BY SILVIA JANÉ (European Projects Manager), VEOLIA SERVEIS CATALUNYA
The food sector is making ever increasing demands for cooling in production and product conservation processes. Such a situation represents a challenge to the industry, since higher energy consumption can lead to increased greenhouse gas emissions (CO2, SO2 and NOx), which in turn contribute to global warming of the atmosphere. The HYCOOL project was born from the need to cope with sector demands and to minimise their environmental impact. The aim of the project is to maximise the use of renewable energy sources in industrial cooling.
HYCOOL (Industrial Cooling through Hybrid system based on solar heat) is an innovative project co-financed by the European Union as part of the Horizon 2020, programme for validating an industrial cooling and steam generation system using high temperature solar panels. The project, which commenced in May 2018 and is set to last for three years, is led by Veolia Serveis Catalunya and is made up of another 16 partners from six European countries. HYCOOL has a budget of 7.7 million euros and will be tested in two industrial plants in Catalonia.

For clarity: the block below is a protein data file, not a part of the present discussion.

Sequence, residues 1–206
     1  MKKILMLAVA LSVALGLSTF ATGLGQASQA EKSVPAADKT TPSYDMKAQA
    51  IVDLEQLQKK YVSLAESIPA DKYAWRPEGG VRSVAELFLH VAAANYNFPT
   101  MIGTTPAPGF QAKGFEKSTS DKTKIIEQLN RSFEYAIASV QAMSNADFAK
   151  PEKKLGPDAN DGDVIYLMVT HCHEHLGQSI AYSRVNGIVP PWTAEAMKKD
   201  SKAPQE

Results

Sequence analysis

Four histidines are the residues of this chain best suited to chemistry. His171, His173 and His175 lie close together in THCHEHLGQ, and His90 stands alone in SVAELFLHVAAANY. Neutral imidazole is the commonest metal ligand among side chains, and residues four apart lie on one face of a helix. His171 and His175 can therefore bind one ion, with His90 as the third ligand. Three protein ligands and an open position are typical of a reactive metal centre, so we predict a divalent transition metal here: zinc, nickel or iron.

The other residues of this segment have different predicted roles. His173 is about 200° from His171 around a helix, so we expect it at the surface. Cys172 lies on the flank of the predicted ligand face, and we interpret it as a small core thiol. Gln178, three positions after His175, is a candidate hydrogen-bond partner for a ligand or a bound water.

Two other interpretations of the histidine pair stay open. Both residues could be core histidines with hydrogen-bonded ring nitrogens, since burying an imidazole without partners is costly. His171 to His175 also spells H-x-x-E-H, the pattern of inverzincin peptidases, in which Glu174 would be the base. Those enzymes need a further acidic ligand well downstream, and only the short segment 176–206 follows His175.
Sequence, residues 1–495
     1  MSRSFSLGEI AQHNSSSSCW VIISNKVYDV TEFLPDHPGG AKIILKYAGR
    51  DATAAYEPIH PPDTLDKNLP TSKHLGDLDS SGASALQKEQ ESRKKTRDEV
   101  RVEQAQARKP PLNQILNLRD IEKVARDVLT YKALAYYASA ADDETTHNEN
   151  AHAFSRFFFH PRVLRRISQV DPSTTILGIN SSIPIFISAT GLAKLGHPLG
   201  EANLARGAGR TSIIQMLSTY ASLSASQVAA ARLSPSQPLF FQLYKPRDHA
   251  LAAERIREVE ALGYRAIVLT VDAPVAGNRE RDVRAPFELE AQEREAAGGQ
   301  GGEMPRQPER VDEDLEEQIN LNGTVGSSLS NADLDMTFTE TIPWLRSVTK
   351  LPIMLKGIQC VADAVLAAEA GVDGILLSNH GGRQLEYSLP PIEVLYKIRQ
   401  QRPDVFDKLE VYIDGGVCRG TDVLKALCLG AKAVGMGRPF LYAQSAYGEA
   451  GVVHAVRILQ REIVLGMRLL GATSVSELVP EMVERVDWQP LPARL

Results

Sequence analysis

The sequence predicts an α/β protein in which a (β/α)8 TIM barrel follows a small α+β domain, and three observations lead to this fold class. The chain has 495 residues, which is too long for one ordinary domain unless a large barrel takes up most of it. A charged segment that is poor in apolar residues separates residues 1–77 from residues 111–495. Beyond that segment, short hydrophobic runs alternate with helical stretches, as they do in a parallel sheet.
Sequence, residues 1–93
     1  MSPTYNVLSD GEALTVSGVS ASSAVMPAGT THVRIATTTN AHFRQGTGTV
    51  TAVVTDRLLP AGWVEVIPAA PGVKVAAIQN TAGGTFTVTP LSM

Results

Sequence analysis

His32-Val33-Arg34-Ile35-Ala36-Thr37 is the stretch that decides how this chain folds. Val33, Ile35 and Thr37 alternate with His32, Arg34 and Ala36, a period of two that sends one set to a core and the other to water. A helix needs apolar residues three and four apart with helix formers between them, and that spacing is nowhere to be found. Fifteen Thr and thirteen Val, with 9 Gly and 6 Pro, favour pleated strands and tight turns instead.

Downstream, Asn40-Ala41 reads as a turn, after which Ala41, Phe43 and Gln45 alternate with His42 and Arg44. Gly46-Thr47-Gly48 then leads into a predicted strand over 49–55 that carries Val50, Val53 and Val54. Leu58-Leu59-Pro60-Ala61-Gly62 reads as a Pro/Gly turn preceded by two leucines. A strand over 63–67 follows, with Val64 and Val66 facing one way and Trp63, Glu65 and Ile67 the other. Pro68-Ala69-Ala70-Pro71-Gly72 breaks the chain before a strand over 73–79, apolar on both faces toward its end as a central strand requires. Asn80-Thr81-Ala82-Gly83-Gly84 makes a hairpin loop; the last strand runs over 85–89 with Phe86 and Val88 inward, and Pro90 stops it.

The aim of the HYCOOL project is to increase the use of solar heat in industrial processes and show that it is feasible to apply new technologies (understood as a system) to industries with cooling needs with the use of solar energy. One of the advantages offered by HYCOOL is its greater flexibility and capacity for adaptation to different settings thanks to its hybrid pumps, which enable it to work with conventional grid electricity or from renewable systems such as solar energy. Hybrid pumps also provide a more efficient system by doubling the coefficient of performance (COP) of conventional heat pumps.
The advantages of HYCOOL for the food industry
One of the sectors that can most benefit from application of the HYCOOL system is the food industry, since it permits the current recooling plants to be replaced. Such plants are necessary for extracting heat from the production areas or for reducing and/or maintaining the temperature of the food product at low temperatures before, during and after the production process.